On 4 August 1972, the then president of Uganda, Idi Amin, gave the Indian and Pakistani minorities in the country 90 days to leave, accusing them of hoarding wealth and sabotaging the economy, writes Ian Searcey.
Many of the displaced were British citizens and as a result emigrated in their thousands to the UK, where they waited in various refugee camps, including Greenham Common in Berkshire and Stradiahall in Suffolk, for new homes and work.
Many headed for Leicester, a key city in the resettlement programme, as it had the largest Asian community in Britain at that time (and still does in relation to its size).
But this ITN report by Martyn Lewis from 30 August highlighted both the problems for those so swiftly and violently evicted from their homes, businesses and careers, and the difficulties faced by the communities in which they chose to settle.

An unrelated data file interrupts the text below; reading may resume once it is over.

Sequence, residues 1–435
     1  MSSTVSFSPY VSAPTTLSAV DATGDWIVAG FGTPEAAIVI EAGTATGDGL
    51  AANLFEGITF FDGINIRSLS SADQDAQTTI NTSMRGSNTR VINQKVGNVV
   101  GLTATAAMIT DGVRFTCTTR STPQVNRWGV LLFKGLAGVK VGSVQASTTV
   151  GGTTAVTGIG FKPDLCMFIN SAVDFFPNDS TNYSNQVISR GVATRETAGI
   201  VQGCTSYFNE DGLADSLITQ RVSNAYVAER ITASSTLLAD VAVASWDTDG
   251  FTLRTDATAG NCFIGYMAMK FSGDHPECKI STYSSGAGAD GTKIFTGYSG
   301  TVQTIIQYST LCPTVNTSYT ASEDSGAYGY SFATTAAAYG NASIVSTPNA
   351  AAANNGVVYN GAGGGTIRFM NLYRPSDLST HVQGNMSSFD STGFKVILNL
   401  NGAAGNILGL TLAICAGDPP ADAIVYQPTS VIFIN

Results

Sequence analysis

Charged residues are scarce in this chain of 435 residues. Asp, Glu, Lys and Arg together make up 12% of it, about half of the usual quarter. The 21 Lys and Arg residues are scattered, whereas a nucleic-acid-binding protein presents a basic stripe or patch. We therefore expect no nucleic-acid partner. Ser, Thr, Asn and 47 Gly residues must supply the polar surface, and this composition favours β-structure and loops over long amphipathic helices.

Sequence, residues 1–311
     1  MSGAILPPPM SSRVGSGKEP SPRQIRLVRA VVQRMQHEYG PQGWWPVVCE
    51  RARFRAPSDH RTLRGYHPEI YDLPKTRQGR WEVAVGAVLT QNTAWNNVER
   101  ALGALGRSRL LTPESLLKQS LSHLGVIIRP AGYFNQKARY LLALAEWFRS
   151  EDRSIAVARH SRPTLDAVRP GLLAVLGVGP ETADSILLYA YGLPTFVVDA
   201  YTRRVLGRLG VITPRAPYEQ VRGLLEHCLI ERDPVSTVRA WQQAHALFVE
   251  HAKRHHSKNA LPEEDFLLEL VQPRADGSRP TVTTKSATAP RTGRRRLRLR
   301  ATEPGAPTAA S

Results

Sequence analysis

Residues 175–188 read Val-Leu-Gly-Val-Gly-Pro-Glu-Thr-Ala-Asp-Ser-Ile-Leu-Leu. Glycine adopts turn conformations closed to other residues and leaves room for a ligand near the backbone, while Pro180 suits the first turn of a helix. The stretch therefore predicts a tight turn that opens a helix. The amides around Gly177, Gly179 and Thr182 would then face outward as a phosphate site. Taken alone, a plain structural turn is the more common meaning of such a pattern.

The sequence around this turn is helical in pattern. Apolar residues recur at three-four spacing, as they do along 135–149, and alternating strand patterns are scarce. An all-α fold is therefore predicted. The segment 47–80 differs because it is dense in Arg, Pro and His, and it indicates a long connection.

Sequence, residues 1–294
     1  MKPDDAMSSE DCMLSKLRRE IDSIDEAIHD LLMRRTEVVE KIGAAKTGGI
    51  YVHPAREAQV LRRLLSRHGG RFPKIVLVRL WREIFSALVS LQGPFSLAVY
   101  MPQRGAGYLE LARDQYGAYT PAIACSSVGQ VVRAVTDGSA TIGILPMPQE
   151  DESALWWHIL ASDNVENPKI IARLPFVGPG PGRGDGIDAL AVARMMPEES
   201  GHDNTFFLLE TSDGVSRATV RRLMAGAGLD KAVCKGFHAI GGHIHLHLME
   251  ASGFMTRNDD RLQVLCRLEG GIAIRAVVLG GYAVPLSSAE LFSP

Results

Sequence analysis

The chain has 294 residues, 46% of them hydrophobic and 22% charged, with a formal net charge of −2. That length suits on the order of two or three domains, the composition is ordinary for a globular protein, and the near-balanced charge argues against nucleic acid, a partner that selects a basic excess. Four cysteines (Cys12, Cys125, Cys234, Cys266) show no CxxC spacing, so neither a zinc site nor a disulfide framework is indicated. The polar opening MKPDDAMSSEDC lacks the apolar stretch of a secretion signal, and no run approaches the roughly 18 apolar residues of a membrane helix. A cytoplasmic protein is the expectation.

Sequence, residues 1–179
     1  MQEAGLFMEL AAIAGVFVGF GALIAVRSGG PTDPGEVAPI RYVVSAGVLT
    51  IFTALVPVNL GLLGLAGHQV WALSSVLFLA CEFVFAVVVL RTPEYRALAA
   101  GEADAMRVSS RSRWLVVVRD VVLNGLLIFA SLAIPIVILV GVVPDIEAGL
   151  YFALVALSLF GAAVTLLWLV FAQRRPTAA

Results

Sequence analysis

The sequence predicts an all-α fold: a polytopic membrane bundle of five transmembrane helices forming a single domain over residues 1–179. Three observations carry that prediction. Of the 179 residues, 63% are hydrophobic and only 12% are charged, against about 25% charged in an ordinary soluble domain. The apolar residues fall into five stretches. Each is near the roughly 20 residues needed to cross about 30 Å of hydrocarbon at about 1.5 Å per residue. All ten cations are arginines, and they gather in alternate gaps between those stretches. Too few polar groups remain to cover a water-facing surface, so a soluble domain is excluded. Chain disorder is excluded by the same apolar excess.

Former private school teacher Vinya Thakar, still living with a relative and workless after two weeks in Leicester, called upon the volunteers of the British Asian Welfare Society for help.
For their part, despite complaining about the lack of communication or guidance from the government, the society hoped that Leicester would benefit from the arrival of qualified immigrants.
“Engineers, doctors, teachers … Leicester needs teachers,” explained spokesman Harban Singh Ratoo, but he also admitted that the society had no powers to “stop people with no qualifications coming in”.
The city council were also worried that they would not be able to cope with the numbers of Ugandan refugees who were expected to move there, with both major parties petitioning the government and planning emergency council sessions.